Nelson and Moreno was distinguishable.
Moreno, 787 S.W.2d at 357. Nelson involved
the birth of a child with a genetic disease after a doctor
represented to the parents that the mother was not a carrier
of the disease. Nelson, 678 S.W.2d at 919. The
Moreno court explained that Nelson was
distinguishable, inter alia, because while the
injury in Nelson did not manifest until after the
statute of limitations, in Moreno, the
“injury-i.e. death-was immediately
known.” Moreno, 787 S.W.2d at 357.
also argue that the alleged fraudulent concealment defers a
cause of action's accrual. Dkt. 13 at 4-6. However, to
prove fraudulent concealment, Plaintiffs must
“establish an underlying wrong, and that ‘the
defendant actually knew the plaintiff was in fact wronged,
and concealed that fact to deceive the plaintiff.”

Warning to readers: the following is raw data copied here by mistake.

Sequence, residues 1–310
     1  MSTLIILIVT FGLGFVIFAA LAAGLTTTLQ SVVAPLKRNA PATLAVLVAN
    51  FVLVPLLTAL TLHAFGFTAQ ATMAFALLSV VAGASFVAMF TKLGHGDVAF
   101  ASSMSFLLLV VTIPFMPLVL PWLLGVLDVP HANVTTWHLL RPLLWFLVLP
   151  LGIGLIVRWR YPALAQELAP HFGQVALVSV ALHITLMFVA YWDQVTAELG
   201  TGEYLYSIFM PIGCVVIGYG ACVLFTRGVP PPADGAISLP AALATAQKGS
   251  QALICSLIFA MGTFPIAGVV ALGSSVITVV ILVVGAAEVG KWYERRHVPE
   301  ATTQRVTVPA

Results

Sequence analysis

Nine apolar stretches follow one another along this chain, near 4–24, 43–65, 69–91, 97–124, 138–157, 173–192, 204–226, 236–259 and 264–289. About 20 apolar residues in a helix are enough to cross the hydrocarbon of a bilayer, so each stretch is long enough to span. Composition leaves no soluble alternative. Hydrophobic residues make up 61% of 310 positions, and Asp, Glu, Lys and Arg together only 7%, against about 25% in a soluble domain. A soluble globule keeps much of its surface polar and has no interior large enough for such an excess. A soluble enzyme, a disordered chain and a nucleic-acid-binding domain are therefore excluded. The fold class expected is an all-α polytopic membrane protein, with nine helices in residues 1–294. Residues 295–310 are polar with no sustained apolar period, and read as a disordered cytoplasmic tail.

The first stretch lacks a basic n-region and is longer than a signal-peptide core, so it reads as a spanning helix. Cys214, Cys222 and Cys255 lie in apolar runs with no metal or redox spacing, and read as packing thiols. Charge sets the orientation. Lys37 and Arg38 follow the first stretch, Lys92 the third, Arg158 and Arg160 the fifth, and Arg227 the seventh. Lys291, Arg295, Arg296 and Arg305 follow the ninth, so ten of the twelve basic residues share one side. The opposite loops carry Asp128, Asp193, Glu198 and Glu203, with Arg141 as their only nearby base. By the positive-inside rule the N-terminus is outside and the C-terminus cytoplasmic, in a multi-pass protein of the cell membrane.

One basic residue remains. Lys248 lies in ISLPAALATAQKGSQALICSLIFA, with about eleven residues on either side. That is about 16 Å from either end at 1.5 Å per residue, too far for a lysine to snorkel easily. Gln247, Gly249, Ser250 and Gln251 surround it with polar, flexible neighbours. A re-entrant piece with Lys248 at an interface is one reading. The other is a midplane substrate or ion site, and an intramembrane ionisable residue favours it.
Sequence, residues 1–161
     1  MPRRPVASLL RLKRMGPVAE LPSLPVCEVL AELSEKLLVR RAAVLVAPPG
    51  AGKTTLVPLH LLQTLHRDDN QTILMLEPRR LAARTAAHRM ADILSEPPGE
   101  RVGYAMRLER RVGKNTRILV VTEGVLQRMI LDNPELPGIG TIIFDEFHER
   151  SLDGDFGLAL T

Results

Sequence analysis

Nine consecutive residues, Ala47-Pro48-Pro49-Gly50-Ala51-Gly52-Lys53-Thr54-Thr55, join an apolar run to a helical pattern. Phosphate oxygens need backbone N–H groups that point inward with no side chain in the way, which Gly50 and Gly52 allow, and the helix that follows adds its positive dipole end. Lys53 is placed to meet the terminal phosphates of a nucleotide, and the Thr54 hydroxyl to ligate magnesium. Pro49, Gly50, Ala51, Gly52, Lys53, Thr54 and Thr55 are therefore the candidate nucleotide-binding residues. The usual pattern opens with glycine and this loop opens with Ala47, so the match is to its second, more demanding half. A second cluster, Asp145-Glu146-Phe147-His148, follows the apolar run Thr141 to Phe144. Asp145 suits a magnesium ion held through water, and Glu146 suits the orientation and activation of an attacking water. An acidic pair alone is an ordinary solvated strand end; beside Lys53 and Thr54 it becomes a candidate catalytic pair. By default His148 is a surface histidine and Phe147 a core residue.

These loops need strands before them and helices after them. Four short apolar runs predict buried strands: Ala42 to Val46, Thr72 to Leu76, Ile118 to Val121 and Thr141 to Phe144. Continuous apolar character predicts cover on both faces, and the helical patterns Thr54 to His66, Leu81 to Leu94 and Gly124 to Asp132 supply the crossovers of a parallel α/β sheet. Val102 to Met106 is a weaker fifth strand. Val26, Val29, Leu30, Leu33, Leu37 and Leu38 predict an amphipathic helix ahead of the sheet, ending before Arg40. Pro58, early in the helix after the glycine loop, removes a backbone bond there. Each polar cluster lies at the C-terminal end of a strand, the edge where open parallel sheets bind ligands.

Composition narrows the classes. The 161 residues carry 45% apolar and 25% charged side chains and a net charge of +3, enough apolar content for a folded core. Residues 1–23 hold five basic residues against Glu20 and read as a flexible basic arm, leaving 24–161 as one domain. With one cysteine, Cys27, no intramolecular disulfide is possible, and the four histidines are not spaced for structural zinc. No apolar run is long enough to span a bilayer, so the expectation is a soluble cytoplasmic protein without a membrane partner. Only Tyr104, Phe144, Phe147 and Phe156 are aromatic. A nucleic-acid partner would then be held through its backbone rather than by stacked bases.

BP Am. Prod. Co. v. Marshall, 342 S.W.3d 59, 67
(Tex. 2011) (quoting Earle v. Ratliff, 998 S.W.2d
882, 888 (Tex.1999)). They must also establish that their
reliance on the misinformation is reasonable. Id. at
68. Plaintiffs have not met their burden. The court
understands Plaintiffs' briefing to argue that Bayshore
concealed evidence of its involvement with the truck involved
in the car crash. Dkt. 13 at 6. Plaintiffs argue that there
was fraudulent concealment because Bayshore swore to give the
complete records of the truck involved in the accident but
those records do not show that Bayshore ever performed
maintenance work on the truck. Dkt. 5 at 11. However, the
original purchaser of the truck testified that Bayshore had
performed some work on the truck. Id. While this
evidence addresses the first element regarding an underlying
wrong, Plaintiffs fail to ...